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Through The Bible

What God believes

This article from Reason Magazine online pointed me to a very interesting study being done by the University of Chicago.  They did fMRI scans of people’s brains while asking them some questions.  They asked what famous people thought about 10 hot button religious topics, what they personally felt about those topics and what God felt about those topics.

What they found was The part of the brain that activates when people things about their own beliefs and God’s beliefs are the same.

[T]hese data provide insight into the sources of people’s own religious beliefs. Although people obviously acquire religious beliefs from a variety of external sources, from parents to broader cultural influences, these data suggest that the self may serve as an important source of religious beliefs as well. Not only are believers likely to acquire the beliefs and theology of others around them, but may also seek out believers and theologies that share their own personal beliefs. If people seek out religious communities that match their own personal views on major social, moral, or political issues, then the information coming from religious sources is likely to further validate and strengthen their own personal convictions and values. Religious belief has generally been treated as a process of socialization whereby people’s personal beliefs about God come to reflect what they learn from those around them, but these data suggest that the inverse causal process may be important as well: people’s personal beliefs may guide their own religious beliefs and the religious communities they seek to be part of.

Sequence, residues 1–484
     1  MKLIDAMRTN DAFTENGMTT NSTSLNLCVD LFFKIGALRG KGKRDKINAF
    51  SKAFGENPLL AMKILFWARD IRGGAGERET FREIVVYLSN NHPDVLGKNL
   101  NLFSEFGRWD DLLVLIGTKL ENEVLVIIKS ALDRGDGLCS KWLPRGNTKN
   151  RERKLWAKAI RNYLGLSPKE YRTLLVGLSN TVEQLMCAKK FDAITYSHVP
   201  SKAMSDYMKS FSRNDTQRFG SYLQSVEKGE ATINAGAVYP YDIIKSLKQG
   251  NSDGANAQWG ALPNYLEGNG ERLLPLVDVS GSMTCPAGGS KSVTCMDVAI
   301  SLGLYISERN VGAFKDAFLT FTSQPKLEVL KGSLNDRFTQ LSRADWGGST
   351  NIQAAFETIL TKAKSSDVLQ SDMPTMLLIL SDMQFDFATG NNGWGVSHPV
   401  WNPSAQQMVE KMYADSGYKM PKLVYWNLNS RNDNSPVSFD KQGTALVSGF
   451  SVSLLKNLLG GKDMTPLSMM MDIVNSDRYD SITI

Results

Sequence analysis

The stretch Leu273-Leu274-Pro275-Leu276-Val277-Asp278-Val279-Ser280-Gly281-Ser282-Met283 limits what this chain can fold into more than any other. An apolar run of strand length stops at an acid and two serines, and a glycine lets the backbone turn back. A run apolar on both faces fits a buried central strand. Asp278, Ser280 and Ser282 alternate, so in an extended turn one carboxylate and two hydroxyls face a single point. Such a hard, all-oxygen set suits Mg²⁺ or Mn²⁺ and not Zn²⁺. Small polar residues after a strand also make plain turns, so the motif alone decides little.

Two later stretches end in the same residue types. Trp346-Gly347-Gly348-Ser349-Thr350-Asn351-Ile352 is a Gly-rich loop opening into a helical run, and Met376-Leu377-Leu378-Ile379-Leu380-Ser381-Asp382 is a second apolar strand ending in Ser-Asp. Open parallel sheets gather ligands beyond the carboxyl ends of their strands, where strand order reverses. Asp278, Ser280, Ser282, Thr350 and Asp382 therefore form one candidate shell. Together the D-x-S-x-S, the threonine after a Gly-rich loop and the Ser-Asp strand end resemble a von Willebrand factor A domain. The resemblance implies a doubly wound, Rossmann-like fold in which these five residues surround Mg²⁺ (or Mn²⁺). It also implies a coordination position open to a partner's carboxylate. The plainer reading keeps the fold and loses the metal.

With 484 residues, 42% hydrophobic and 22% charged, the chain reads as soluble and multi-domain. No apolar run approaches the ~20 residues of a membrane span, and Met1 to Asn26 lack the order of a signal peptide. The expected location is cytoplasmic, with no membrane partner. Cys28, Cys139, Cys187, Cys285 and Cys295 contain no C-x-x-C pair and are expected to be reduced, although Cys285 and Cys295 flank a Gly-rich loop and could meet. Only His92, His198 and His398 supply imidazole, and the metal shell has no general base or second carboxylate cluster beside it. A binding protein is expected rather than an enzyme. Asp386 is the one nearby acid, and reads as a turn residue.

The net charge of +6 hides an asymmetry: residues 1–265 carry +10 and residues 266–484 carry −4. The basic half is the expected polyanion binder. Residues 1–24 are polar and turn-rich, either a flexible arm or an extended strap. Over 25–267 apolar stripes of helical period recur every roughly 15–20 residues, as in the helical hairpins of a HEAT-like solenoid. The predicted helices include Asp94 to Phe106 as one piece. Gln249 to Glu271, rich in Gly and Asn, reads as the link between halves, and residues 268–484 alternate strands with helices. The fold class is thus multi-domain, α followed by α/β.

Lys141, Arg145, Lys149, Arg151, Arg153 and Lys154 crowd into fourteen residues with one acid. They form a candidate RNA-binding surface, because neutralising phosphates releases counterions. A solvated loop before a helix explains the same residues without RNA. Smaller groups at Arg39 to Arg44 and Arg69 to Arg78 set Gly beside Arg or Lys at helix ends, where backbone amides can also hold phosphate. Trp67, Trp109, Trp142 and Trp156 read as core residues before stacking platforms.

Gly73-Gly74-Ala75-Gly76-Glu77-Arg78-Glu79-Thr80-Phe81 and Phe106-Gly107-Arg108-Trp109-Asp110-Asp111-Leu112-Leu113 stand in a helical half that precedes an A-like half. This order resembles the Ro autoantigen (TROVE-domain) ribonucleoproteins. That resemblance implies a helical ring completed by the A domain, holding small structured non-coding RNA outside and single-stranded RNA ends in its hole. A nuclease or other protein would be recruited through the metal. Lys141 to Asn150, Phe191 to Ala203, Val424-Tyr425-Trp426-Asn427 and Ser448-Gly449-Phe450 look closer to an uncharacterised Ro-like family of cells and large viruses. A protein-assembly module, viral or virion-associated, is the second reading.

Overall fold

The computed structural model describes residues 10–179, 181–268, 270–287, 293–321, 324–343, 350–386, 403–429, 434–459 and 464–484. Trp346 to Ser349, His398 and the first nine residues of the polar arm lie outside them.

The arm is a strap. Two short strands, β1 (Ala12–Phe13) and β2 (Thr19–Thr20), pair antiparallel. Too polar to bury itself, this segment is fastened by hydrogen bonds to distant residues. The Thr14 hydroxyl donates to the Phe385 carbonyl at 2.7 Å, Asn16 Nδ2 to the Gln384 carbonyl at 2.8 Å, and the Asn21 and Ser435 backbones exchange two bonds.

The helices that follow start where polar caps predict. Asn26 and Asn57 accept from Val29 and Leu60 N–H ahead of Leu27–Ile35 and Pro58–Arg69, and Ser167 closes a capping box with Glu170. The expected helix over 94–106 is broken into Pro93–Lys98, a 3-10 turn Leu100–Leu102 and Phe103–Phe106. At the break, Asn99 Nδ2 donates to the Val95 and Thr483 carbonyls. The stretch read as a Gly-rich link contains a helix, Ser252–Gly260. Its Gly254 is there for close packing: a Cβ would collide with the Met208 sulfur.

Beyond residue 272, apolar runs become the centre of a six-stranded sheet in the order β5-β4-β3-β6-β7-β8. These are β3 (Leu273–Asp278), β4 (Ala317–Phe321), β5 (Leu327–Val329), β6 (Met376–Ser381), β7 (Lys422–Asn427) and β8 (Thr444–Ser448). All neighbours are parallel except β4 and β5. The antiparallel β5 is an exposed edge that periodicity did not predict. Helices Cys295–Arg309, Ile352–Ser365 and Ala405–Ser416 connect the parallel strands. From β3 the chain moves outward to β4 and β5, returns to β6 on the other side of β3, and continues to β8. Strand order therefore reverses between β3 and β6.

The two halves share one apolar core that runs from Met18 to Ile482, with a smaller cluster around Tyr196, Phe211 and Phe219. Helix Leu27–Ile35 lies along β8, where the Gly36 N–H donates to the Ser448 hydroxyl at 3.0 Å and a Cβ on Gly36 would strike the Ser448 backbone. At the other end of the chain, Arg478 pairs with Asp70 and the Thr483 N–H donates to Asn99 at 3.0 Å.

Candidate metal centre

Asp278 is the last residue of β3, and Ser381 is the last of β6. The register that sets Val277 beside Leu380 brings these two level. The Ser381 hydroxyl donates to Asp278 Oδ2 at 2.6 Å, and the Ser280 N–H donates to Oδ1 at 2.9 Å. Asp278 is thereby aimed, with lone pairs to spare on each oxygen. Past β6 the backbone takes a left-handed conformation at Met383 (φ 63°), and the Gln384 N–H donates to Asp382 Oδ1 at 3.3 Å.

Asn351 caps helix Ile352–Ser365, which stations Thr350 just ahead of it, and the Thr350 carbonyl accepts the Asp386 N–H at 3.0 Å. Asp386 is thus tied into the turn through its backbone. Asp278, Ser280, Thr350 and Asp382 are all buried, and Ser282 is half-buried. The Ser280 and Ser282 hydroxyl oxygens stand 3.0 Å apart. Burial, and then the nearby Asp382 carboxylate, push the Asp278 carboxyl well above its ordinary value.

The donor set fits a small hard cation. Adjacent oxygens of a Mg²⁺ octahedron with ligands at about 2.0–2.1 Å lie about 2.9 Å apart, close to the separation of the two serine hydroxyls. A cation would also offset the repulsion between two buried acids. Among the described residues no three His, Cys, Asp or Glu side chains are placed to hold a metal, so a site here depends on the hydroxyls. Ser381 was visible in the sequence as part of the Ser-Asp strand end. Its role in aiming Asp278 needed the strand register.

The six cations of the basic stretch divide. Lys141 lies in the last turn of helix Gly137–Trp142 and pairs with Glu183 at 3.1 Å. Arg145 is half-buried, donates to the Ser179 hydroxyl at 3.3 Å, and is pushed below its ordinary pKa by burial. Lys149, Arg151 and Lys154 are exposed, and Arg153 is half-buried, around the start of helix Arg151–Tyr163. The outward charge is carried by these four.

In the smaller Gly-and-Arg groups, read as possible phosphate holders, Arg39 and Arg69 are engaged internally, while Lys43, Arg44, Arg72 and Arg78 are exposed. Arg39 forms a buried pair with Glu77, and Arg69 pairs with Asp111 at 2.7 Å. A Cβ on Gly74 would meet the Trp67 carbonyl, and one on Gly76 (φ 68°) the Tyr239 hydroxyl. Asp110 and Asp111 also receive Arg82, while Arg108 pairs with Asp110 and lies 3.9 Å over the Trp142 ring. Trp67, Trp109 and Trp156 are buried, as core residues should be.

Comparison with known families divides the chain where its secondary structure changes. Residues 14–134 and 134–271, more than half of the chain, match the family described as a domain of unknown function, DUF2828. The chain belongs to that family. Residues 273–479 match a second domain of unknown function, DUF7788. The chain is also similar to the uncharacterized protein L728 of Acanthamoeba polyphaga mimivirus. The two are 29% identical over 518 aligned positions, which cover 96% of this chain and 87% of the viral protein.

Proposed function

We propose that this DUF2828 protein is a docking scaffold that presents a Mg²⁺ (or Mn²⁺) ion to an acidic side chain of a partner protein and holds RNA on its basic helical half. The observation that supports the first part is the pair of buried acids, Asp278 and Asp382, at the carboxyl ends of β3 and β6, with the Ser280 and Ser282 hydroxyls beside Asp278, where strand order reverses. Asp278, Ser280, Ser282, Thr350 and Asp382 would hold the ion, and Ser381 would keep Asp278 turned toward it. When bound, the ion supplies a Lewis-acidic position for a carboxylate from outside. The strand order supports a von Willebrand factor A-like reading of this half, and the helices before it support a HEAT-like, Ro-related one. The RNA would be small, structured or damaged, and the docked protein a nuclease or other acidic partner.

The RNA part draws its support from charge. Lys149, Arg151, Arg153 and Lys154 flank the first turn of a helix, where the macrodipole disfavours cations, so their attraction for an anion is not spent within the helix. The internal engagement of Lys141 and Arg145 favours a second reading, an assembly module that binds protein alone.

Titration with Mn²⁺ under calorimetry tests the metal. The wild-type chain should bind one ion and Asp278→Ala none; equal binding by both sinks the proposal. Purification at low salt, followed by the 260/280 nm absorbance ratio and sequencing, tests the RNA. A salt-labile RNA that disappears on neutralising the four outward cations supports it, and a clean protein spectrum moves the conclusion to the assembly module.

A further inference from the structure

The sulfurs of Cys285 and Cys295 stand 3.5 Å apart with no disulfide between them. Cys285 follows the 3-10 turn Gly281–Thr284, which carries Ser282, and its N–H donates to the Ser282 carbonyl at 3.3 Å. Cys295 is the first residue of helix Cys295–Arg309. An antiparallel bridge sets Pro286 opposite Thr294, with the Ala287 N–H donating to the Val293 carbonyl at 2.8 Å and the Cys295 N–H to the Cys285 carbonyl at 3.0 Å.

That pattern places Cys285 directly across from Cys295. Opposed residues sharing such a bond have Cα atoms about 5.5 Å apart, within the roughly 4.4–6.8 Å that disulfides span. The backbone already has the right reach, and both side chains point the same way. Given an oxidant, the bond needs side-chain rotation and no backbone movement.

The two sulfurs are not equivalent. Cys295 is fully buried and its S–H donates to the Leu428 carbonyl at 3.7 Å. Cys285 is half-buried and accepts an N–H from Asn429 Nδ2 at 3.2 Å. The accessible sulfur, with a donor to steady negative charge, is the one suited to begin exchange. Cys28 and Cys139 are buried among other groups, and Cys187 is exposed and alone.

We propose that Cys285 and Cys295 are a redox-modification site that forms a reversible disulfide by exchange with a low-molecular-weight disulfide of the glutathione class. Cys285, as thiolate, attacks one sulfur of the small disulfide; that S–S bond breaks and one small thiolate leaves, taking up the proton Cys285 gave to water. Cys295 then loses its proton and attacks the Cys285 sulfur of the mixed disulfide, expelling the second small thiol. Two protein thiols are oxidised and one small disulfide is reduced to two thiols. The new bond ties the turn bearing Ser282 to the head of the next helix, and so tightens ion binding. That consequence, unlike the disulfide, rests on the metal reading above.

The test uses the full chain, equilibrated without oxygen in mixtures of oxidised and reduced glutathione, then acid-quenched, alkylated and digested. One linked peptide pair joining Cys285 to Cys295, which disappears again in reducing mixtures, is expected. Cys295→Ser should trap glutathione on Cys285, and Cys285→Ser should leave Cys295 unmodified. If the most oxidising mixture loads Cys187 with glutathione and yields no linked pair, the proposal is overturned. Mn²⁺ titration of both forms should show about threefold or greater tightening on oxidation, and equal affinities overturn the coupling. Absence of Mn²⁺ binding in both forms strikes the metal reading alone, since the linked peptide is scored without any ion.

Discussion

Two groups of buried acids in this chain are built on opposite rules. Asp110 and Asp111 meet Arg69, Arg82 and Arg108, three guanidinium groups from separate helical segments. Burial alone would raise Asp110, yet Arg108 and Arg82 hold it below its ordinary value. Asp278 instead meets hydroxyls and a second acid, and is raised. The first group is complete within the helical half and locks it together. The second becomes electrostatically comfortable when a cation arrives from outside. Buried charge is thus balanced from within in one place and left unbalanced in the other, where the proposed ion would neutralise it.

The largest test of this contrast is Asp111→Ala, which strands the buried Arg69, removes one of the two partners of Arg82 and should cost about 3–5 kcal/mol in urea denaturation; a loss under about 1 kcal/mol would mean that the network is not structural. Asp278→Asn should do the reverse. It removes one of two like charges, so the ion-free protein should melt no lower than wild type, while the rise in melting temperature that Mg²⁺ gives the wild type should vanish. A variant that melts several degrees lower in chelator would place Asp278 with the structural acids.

Finally, these data have interesting implications for the impact of religious thought on judgment and decision-making. People may use religious agents as a moral compass, forming impressions and making decisions based on what they presume God as the ultimate moral authority would believe or want. The central feature of a compass, however, is that it points north no matter what direction a person is facing. This research suggests that, unlike an actual compass, inferences about God’s beliefs may instead point people further in whatever direction they are already facing.

Now while Reason would use this article in an attempt to discredit any religous moral judgement, I would like to take a moment and examine my thoughts on why this may very well be true.

I am assuming this test was performed only on ortodox Christians for the sake of my discussion.

Too many of us simply don’t read the Bible, and even if we do, it is simply to confirm out own beliefs, and not to understand the divine revelation of God.

I have become fond of saying “If there isn’t something in the Bible you disagree with or wish wasn’t there; then you aren’t reading it right.”  Not that we have the option of disagreeing with God, we must always assume when we disagree that we are the ones who are wrong.  But far to often we read the Word of God like a fortune cookie and make it mean what we want it to mean.  In Studies in Words C.S. Lewis made a great point when discussing how to intuerpret something you are reading: